Hoarding in The Elderly Community

“Experts say hoarders find reassurance in their collections, even though these piles of items can create dangerous living conditions for the hoarder and their neighbors.”


SelectCare is dedicated to learning new ways we can make a difference in our clients’ lives. Our most recent lesson discussed hoarding in the elderly community and was presented by our newest community partner, the New York Educational Alliance’s Project ORE a Lower East Side-based nonprofit that has served socially isolated members of the neighborhood’s Jewish community since 1987.

Project ORE’s Jack Sherratt and Eve Udesky have spent countless hours counseling their clients on how to manage their clutter, and distilled that experience into a comprehensive review of the causes behind hoarding, symptoms, and strategies to mitigate the condition.

What is hoarding?

Hoarding, according to Sherratt and Udesky, is the compulsive collection and storing of items that may or may not have any intrinsic value and an inability to discard these items. The pair reported their clients have stored everything from empty food containers and plastic bags, to rooms full of bicycle parts due to their belief that these items “may be useful someday.” Unfortunately, that day rarely comes, and as items are collected, stacked and stored, they can create a variety of safety issues, especially in small New York apartments. These hazards include:

–        Limited mobility within the home, which creates a fire hazard and prevents emergency workers from providing assistance to residents.

–        Stacks of items put residents at risk of falling, or being crushed underneath avalanches of stored goods.

–        Lack of access to kitchen and bathroom appliances needed for daily activities.

–        An inability to clean an apartment, leading to rodent, roach, and bedbug infestations that can further degrade a client’s health.

–        Embarrassment about the condition of a “hoarded” house oftentimes keeps hoarders from having visitors, leading to social isolation that can compound the need to hoard for reassurance.

Ultimately, these conditions can become so severe as to impact the health and safety of neighbors and could put a hoarder’s housing at risk if a landlord moves to evict the tenant.

Why does hoarding happen?

Sherratt explained to SelectCare’s staff that while every case is different, most people who hoard tend to do so because the objects they collect offer a feeling of comfort or safety. In some instances, items will remind people of happier times or people they no longer speak with, in other cases, a hoarder will compulsively keep items out of fear that one day they will need a hanger, old newspaper, or bicycle wheel, but not have the item at hand.

Sheratt added that while there was no indication of causation, there was a high correlation between people who hoard, and older people who either lived during period of national rationing like World War II, or people who suffered emotional or physical abuse.

How to help

Until recently, hoarding was considered a subsection of obsessive compulsive disorder (OCD), however, doctors now classify the condition as a separate entity with unique characteristics.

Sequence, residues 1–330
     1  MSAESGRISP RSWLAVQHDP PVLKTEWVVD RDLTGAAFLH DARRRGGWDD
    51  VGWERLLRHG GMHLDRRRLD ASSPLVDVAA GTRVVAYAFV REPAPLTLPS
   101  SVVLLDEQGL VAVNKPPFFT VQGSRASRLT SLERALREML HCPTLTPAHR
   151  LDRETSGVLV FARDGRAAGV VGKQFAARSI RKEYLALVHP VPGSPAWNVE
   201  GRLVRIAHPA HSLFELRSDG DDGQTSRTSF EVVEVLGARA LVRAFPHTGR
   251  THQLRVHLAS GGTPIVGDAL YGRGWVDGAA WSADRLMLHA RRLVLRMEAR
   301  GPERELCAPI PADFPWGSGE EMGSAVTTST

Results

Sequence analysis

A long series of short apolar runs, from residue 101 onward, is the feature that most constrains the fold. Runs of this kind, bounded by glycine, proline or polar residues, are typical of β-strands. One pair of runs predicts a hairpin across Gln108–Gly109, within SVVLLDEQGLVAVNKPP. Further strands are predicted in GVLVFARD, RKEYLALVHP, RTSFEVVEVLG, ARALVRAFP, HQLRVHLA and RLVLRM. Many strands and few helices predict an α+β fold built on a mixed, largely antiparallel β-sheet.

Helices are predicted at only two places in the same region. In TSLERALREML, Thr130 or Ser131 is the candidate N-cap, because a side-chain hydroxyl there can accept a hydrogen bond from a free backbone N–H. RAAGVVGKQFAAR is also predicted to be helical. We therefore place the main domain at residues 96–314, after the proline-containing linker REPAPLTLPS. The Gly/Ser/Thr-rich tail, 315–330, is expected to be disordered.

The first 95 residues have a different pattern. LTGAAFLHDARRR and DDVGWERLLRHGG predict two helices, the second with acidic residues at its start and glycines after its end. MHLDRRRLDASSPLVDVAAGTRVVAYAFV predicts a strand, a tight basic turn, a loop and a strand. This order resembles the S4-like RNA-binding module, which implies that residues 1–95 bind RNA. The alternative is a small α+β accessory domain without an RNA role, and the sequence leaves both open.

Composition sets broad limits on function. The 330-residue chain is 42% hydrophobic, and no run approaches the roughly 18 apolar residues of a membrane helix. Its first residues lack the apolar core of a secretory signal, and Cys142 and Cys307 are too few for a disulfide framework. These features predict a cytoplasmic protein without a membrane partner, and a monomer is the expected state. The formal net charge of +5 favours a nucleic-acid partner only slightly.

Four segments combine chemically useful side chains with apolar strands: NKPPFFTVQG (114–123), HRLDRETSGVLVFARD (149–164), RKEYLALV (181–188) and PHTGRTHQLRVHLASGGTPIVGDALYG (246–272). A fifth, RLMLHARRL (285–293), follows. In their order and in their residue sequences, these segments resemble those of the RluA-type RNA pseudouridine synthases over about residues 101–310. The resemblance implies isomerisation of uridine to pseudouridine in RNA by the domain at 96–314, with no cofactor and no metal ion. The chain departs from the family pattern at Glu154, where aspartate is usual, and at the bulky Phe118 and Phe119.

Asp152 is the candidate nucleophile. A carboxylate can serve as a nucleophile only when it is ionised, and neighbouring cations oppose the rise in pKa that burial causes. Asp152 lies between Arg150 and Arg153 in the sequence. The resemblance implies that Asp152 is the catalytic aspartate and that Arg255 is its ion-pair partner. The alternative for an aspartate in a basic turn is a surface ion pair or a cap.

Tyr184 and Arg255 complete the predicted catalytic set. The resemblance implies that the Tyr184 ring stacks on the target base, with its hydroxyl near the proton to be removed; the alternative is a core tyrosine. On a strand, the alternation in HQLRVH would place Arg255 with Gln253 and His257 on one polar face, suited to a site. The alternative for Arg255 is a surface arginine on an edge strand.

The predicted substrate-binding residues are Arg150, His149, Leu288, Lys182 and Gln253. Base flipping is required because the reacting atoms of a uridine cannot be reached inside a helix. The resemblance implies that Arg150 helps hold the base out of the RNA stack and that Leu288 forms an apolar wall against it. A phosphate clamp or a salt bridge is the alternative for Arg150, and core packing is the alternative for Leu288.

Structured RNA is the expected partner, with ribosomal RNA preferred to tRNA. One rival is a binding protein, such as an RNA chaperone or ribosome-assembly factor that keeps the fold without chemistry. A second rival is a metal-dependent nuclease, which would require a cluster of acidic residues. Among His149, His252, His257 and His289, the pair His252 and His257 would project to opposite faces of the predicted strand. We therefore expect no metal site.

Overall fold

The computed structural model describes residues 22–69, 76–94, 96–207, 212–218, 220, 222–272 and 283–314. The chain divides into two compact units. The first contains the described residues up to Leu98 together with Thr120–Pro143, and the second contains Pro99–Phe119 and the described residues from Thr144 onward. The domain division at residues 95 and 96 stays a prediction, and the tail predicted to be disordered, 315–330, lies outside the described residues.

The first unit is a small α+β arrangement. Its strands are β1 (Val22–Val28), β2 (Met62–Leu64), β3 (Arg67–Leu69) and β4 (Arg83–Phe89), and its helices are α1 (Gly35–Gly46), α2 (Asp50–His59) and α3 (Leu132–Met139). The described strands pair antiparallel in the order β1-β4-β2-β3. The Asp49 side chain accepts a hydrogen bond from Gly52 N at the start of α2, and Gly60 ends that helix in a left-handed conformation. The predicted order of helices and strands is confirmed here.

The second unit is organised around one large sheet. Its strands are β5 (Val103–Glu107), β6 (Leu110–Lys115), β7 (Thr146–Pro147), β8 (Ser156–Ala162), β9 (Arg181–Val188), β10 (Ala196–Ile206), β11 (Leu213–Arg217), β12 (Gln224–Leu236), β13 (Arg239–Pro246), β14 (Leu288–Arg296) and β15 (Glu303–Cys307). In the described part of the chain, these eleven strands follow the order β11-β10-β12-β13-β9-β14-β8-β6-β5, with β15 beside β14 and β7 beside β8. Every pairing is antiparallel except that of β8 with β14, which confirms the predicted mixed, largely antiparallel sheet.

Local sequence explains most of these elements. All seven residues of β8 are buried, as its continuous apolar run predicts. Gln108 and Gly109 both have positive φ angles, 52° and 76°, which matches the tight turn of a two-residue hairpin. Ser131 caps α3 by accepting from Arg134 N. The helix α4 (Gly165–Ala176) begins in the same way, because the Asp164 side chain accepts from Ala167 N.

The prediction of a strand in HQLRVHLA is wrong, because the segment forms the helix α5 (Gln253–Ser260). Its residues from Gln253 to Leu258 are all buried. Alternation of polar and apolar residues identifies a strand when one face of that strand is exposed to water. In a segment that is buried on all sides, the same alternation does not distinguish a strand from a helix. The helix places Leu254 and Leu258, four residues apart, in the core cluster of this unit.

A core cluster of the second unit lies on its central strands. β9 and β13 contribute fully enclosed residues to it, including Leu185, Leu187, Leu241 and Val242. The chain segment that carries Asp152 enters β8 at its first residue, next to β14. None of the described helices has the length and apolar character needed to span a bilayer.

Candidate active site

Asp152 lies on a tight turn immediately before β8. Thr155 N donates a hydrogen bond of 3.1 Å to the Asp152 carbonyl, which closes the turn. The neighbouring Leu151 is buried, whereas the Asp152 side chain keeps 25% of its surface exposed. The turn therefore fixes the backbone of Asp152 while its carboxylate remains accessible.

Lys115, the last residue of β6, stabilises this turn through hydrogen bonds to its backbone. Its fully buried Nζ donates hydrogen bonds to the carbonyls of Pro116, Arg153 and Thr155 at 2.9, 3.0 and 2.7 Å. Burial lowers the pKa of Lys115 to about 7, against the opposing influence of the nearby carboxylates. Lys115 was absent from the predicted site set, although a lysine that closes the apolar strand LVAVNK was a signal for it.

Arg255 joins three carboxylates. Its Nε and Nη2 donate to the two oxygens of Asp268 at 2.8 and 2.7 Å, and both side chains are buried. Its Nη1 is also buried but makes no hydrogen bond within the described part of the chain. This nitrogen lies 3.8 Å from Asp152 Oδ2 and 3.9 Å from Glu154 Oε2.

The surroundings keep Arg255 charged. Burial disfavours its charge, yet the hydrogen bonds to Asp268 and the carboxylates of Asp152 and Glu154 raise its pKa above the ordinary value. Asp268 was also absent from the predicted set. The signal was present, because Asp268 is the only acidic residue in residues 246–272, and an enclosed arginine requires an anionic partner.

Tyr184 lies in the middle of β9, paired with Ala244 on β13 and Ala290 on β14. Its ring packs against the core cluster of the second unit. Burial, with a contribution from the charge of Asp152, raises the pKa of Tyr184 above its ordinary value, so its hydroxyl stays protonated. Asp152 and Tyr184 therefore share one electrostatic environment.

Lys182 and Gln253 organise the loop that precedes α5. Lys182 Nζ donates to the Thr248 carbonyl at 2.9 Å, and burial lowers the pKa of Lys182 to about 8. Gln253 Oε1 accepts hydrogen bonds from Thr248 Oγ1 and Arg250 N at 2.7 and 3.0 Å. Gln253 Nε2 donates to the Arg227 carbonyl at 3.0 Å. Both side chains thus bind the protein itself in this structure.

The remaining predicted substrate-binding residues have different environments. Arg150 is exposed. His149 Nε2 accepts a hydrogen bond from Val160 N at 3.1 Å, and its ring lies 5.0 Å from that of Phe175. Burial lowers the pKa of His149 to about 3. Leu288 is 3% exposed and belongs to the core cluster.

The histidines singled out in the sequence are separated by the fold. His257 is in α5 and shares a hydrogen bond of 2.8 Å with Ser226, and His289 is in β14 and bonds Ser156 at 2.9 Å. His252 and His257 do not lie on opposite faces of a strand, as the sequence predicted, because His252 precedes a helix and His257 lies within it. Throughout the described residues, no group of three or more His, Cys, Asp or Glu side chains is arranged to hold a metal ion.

Sherratt said the biggest difference comes from how someone perceives the problem. People with OCD and related illnesses are oftentimes aware that their actions are irrational or have a negative impact on those around them. Hoarders, Sherratt said, rarely identify their home’s condition as a problem and consider their hoarded items as a source of comfort, even if the effects of these items are preventing the person from living a normal life.

One tool ORE staff members have found particularly useful is the Clutter Image Rating Scale, a series of photos displaying living spaces with increasing amounts of clutter on a scale of one to nine. By picking the image they feel best represents their own living conditions, an ORE client can show in quantifiable terms, how aware they are of their problem and begin the long conversation that precedes a cleanup.

Project ORE’s staff is often only called to a home during a crisis, usually when a landlord or neighbor has discovered the problem and calls for the tenant’s eviction, but they have found that even in these instances, an involuntary, mass cleanup will only solve the problem in the short term. Instead, staffers like Sherratt have had the most success by showing clients how their living situation is impacting those around them and, with the client’s help, dialing back the clutter to a level that minimizes health risks and allows for easy travel within the space.

There are currently few public resources where New York hoarders can seek help and Project ORE operates exclusively within their Lower East Side catchment area, however Sherratt and Udesky maintain a list of reputable cleaning and counseling services that cover other parts of the city and said they are happy to provide any assistance they can.

SelectCare’s staff is happy to know organizations like Project ORE are tackling this serious health and safety issue and look forward to using these new resources and information in our efforts to make all the difference in our clients’ lives.

If you or a loved one might need help keeping a tidy, healthy home, do not hesitate to give the staff at SelectCare a call to arrange a free home health assessment.

Image courtesy of MorgueFile.com